DIY?

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There’s a well-known truism about dealing with service vendors. There’s good; there’s fast; and there’s cheap. You can pick any two but you can’t have all three.  In other words, if you want it good and fast, it won’t be cheap. If you want it fast and cheap, it won’t be good. And if you want it good and cheap, it won’t be fast.

There’s a similar truism about the do-it-yourself option. Whether or not you should tackle a do-it-yourself project depends on three things: Do you have the experience? Do you have the tools? Do you have the time?

If you lack the experience, the finished project may lack some of the quality that a professional could bring. If you lack the tools to do the job, it may be less expensive to hire someone who already has invested in the equipment needed. And if you are short on time, you may never get around to doing the job in the first place.

I transferred a couple of videotapes for a client yesterday to .mp4 files on a rush request. When I asked the reason for the rush, she explained that she wanted to take certain clips to use for a family member’s memorial service video presentation she was going to put together. After expressing my condolences, I asked what program she was using to edit the footage. She didn’t have one. I asked if she had ever used an editing program before. She hadn’t. I asked when the service was taking place. In two days.

I gave her my card, and let her know that I give memorial videos top priority in my studio and to call me if she needed my help to produce something that can be played at the service. Something tells me I’ll be hearing from her. There are times when it just makes sense to use someone who has the time, tools and experience.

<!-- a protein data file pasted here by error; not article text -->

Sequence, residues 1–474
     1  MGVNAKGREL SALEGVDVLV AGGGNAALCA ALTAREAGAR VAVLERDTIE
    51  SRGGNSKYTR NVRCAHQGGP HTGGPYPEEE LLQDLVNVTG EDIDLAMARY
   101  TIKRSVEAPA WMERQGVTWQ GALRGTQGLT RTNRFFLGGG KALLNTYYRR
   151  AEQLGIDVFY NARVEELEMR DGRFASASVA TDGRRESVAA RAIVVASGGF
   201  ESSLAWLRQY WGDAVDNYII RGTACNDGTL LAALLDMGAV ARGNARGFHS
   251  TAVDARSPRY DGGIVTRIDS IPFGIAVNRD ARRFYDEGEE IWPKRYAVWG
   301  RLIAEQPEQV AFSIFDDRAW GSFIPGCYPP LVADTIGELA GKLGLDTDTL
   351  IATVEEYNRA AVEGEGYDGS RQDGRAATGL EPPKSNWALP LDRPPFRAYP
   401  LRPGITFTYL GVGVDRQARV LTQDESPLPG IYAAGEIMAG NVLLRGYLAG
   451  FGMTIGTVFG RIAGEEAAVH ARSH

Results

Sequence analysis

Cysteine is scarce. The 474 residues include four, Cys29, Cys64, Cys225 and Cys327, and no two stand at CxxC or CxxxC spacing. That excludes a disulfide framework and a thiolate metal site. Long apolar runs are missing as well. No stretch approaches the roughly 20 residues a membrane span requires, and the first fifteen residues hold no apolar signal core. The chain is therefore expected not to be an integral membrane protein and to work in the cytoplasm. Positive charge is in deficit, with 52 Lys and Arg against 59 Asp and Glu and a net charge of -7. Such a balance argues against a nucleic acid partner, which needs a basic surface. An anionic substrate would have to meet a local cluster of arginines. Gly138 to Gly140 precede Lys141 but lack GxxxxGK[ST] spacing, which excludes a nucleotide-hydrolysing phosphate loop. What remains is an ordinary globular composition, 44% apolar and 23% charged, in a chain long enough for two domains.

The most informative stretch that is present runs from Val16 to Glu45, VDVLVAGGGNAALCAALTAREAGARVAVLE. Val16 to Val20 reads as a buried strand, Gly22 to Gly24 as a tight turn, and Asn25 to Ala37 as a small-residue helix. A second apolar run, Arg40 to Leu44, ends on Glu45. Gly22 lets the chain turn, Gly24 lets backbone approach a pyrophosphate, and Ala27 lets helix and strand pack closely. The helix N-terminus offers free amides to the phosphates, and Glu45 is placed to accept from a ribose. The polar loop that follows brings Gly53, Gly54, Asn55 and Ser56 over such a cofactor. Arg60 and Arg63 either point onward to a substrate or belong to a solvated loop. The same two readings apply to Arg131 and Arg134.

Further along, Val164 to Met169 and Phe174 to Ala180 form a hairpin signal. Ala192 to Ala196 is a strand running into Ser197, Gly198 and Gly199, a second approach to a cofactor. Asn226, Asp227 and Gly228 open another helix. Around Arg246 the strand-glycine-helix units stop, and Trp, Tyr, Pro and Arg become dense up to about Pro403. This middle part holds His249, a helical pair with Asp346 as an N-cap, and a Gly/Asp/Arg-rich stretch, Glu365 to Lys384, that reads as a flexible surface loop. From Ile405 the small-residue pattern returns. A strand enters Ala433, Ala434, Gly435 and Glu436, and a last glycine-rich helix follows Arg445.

Michael Ondrasik and Home Video Studio of Mount Dora specialize in the preservation (and editing) of family memories through the digitalization of films, videotapes, audio cassettes, photos and slides. For more information call 352-735-8550 or visit our website.

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The DVA Kid

I always like to know where my customers heard about me or what brought them to my studio. A lot of time people mention a Facebook post or my link from a Google search. Sometimes they were just driving by and noticed my sign on Donnelly St or they clipped out my ad from the Daily Commercial. But yesterday was the first time that a new client simply said, “I saw that western you did.”

Last summer at a convention for Home Video Studio owners, we were challenged to craft, shoot and edit a small movie under 3 minutes using techniques and skills we had developed. The only other limitation was that it needed to be centered around a western theme as the convention was being held in Tucson Arizona.

I teamed up with John Montgomery of Home Video Studio in Newark OH and Peter Galluzzo of Home Video Studio in Apex NC and we decided to make a western commercial for DVA, our cloud-based streaming solution for home videos. Armed with our love of spaghetti westerns and using a western ghost town belonging to the El Conquistador Hilton Hotel, we set out to do just that.

Here are some trivia facts:

  • Shooting this little two and a half minute mini-movie required a day and a half of production (shooting in front of the camera) and more than two days editing the footage we shot.
  • We used a Canon EOS C-100 DSLR as our primary camera and edited on a laptop using Adobe Premiere Pro software.
  • The actress playing the saloon keeper, Stella, is my wife, Kate.
  • The actor playing The DVA Kid is Vernon Walker, a local actor and horse trainer who made himself available for our project as well as other projects that were in development that week. He’s included The DVA Kid as part of his demo reel on IMDb. 
  • The uncredited voiceover at the end of the film belongs to Jay Carneal of Memory Box Archives, Richmond VA.
  • The DVA Kid won for Best Backlot Video at the 2017 Hanley Awards. The trophy is on display at our studio.

I hope you enjoy watching it as much as we enjoyed making it.

Michael Ondrasik and Home Video Studio of Mount Dora specialize in the preservation of family memories. For more information, call 352-735-8550 or visit www.homevideostudio.com/mtd.